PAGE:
Sunday, December 11, 2011

It's Up to Me? (Luke 10:25-37)

One of the overlooked stories in the tale of the Exodus from Egypt is a little family incident that happened while the Israelites wandered in the wilderness. Jethro, Moses' father-in-law, pays a visit and finds Moses seated and hearing disputes. Jethro asks what he's doing, and Moses explains he hears disputes between the people and lets them know what God's statutes say.

"What you are doing is not good," Jethro says, and I leave it up to those with fathers-in-law to decide how much the Bible edited his actual comment. "You will wear yourself out, and the people too." He suggests creating a system of judges for the unimportant cases so that only the biggest deals get brought to Moses as well as teaching the people what God's statutes are so they can decide for themselves sometimes.

There were a lot of upsides to Moses' system. It was consistent: Only one judge, so no different interpretations of the law. It had a single standard. Moses also had authority. As the recognized leader of the people, he had been in charge when they left Egypt and had been seen to be chosen by God for the work. People trusted his judgments would be fair and represent God's direction, so they would abide by them. But there was also a downside: It wouldn't work. There was no way one person could judge every dispute among a group of people this size. Once Moses spent all his time deciding cases, he couldn't lead the people, and the people waiting to have their cases heard couldn't work while they waited.

One of the reasons our modern lives have so much hurry in them is how many times we say "Yes" to things and squeeze our schedules even tighter to give them all space. We might say that if we just said "Yes" to the important things we could ease things up, but the truth is a lot of us already only say "Yes" to the good and important things. We don't really waste time -- because to be honest, we don't have any time to waste in between all of the good and important things we have scheduled. That may make us feel a little better but it doesn't ease things up when it comes to hurrying.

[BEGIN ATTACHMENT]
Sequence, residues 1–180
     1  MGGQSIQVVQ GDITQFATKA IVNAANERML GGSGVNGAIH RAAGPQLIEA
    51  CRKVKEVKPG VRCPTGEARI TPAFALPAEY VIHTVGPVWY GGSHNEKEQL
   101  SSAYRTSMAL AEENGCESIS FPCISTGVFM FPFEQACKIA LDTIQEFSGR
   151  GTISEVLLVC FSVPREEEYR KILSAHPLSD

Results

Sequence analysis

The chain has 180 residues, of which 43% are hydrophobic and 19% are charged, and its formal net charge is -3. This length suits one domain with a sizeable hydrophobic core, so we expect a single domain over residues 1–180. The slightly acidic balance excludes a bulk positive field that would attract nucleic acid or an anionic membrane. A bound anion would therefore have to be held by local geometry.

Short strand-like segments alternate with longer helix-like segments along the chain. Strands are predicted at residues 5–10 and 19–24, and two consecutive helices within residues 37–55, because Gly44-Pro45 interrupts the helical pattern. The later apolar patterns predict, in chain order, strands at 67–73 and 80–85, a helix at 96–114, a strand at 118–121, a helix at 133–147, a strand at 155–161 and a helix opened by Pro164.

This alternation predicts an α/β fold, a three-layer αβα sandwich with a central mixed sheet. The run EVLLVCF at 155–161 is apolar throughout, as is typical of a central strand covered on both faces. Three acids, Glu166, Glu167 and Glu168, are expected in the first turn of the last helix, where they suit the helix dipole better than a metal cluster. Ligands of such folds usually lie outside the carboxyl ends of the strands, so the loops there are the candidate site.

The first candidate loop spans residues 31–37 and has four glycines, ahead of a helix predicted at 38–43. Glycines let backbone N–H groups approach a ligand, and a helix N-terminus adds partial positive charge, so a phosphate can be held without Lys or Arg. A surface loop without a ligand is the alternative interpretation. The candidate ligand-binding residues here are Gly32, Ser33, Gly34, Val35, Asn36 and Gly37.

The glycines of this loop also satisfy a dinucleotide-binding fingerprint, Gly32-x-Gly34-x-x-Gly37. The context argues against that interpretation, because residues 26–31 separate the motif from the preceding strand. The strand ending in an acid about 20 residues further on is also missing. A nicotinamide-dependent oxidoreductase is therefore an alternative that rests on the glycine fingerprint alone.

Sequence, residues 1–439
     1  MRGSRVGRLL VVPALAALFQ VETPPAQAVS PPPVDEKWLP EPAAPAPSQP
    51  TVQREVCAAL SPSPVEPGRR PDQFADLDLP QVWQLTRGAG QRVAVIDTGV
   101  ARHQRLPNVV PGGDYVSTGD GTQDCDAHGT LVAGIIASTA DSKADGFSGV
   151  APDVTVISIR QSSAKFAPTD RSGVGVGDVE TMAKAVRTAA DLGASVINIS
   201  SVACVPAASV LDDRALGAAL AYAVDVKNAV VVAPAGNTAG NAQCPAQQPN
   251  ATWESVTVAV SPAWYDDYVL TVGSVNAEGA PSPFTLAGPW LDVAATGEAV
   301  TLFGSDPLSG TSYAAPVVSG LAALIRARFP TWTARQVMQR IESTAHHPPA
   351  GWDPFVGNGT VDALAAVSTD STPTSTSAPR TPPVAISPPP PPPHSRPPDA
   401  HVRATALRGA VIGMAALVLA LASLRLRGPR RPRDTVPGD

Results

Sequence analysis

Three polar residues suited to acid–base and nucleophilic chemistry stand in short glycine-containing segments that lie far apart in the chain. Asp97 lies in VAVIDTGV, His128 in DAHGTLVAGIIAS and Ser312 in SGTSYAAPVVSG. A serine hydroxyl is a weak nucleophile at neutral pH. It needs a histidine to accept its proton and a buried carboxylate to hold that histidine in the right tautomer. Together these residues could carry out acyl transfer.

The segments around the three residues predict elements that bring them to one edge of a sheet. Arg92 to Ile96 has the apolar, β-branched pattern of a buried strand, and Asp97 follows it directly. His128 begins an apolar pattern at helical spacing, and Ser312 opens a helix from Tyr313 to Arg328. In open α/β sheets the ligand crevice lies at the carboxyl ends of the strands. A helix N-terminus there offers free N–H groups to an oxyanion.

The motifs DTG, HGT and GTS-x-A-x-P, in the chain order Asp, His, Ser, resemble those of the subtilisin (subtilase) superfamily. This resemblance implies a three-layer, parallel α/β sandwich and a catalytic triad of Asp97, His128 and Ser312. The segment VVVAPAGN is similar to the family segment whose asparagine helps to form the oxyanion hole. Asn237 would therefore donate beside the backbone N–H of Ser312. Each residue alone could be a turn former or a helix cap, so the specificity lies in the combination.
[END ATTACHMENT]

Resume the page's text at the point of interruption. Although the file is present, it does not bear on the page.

The church can be one of the worst offenders in asking for our time, because most of the things we're asked to or that we volunteer to do are good things and things that need doing. So we don't really lay anything down that we're doing already but just add something new, and get ourselves crammed up.

Which means that when the time comes that we have something we might want to do or need to do, something that's an emergency, we don't have the time for it. The story of the Good Samaritan can be seen that way, if you want to look at it in that light. Jesus doesn't tell us why the priest and the Levite pass by the injured man, but I heard a sermon once that suggested we could think of our own reasons if we like and one of those might be that the two men were just too busy. They were on their way to important appointments and they didn't have the time to waste on an injured man -- who, after all, might have been a lure to get them robbed or who might have been trying some kind of scam or whatnot.

No one is really too busy to help someone injured like that, but it's easy if we've fallen into the hurrying mindset to talk ourselves into the belief that we are. And even if we wouldn't pass by such a great need, always being in a hurry means we might very well pass by one not so obvious but just as important.

The issue is not whether we say "Yes" to everything -- we will say "No" to some things no matter what. The issue is whether or not we will say "No" of our own choosing or because our schedules force us to, and whether or not we will say "Yes" to so much we don't do anything very well.

We may believe we need to do those things to feel good, or that if we don't do them then no one will and they won't get done. Moses probably had some of those same feelings, and I won't speak for whatever you do outside of your church arena, but inside the church I can say that if it's something no one wants to do, then it's something that doesn't need doing. If I become convinced that it would all fall apart without me, then that may be a sign that it's time for it to fall apart.

Because in the end we need to remember what Jethro also told Moses, which was that if God was with him, then the system he set up would work. Because God is at the root of what he was supposed to do and what we are supposed to be doing, and if we rely upon ourselves instead of God, then "what [we] are doing is not good."

No comments: